Bid to free hostages

"Any effort that might give even the tiniest bit of additional help to bring them home is welcome, no matter how remote the prospects," says Simon Birmingham.

Photo: AP Photo/Craig Ruttle
Photo: AP Photo/Craig Ruttle

The Australian government has approached China in a diplomatic bid to release Israeli hostages held by Hamas.

Following Foreign Minister Penny Wong’s visit to Israel and the Palestinian territories last month, Canberra has made representations to Beijing, asking that it use its influence to help secure the release of hostages taken in the October 7 terror attacks, including Noa Argamani, who is of Chinese descent.

The FM instructed Department of Foreign Affairs officials to make the representation, following a direct request in her meetings with Israeli officials.

Argamani, 26, was abducted from the Supernova music festival on October 7, and was seen on a Hamas video pleading, “Don’t kill me.” On January 15, the terror organisation released a further video of her in captivity. The 26-year-old’s mother Liora is from Wuhan, China.

A spokesperson for Wong told The AJN, “The Foreign Minister made a commitment to the families of hostages that she will continue to use Australia’s voice to call for the immediate, unconditional and safe return of all those taken during the October 7 terror attacks.”

The spokesperson said Australia is working “with countries of influence in the region to advocate for the release of hostages”.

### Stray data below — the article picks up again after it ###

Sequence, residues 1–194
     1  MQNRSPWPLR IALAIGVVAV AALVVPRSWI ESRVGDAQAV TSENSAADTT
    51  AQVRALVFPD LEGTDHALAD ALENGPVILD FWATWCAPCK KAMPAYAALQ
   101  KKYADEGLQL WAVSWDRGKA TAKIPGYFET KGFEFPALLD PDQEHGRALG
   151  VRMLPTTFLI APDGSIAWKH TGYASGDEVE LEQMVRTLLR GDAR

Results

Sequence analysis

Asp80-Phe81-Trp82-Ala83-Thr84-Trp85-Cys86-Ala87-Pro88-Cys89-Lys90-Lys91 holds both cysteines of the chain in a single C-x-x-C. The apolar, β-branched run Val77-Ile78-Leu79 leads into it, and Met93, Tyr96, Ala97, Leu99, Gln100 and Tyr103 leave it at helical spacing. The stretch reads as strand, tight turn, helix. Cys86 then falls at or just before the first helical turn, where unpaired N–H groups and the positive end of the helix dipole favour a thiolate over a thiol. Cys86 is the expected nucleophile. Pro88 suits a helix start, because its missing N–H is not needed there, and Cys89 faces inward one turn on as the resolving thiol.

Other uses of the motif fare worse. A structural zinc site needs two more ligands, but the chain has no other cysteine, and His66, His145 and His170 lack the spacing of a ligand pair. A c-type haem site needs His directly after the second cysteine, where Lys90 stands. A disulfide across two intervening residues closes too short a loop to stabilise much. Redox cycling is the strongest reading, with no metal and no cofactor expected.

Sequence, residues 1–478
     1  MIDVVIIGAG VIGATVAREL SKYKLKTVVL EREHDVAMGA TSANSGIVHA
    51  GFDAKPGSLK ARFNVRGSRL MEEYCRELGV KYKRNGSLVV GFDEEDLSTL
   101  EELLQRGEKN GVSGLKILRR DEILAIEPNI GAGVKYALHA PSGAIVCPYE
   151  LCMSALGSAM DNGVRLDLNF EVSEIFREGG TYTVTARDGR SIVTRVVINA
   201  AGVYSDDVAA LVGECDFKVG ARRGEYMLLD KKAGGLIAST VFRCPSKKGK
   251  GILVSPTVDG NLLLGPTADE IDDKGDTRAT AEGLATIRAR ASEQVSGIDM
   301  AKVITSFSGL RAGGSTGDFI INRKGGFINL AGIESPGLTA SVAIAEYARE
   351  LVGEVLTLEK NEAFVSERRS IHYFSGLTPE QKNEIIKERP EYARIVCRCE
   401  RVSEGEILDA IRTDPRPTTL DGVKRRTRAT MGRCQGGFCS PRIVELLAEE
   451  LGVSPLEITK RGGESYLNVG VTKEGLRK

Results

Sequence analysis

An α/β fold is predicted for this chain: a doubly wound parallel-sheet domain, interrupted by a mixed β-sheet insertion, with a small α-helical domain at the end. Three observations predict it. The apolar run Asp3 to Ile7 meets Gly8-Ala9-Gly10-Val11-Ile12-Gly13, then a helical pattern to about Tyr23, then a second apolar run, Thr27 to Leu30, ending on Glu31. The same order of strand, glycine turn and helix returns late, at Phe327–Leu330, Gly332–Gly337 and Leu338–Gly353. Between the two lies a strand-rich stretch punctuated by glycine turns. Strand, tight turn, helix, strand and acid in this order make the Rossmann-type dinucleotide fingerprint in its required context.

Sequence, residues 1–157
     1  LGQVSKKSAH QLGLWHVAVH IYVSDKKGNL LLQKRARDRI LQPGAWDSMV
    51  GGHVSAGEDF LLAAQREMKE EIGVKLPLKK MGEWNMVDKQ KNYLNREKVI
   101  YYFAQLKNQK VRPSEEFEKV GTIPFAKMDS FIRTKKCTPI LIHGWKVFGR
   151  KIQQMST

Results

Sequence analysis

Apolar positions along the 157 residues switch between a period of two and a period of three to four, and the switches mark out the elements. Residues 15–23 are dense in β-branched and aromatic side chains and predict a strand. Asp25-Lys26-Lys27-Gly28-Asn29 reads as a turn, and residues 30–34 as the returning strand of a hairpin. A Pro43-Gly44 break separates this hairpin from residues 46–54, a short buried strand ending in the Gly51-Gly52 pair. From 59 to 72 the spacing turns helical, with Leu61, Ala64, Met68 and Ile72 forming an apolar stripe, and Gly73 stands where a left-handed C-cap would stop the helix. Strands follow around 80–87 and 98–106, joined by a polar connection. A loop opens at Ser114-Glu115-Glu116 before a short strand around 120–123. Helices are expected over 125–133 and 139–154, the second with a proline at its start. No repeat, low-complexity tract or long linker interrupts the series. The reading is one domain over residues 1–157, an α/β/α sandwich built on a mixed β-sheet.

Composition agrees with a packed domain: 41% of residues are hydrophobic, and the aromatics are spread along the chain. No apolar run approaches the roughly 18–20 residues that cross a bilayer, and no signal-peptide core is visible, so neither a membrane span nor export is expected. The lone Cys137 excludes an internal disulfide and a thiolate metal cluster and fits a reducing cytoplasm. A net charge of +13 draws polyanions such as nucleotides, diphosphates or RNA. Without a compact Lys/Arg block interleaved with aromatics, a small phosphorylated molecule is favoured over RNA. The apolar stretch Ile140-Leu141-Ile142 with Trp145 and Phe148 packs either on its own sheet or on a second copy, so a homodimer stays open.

Contacted by The AJN, Shadow Foreign Minister Simon Birmingham reflected, “Any effort that might give even the tiniest bit of additional help to bring them home is welcome, no matter how remote the prospects.”

Zionist Federation of Australia president Jeremy Leibler said, “We welcome any intervention from the Australian government in aid of securing the release of the hostages. The Foreign Minister has been consistent in her calls for the immediate release of the hostages, and so it’s no surprise she had undertaken this effort.”

Australia/Israel & Jewish Affairs executive director Colin Rubenstein said, “China does seem to have some sway with Iran’s terror proxies, given the Houthis have seemingly avoided firing on Chinese ships, so we see this initiative as having some chance of success if DFAT does succeed in getting China involved.”

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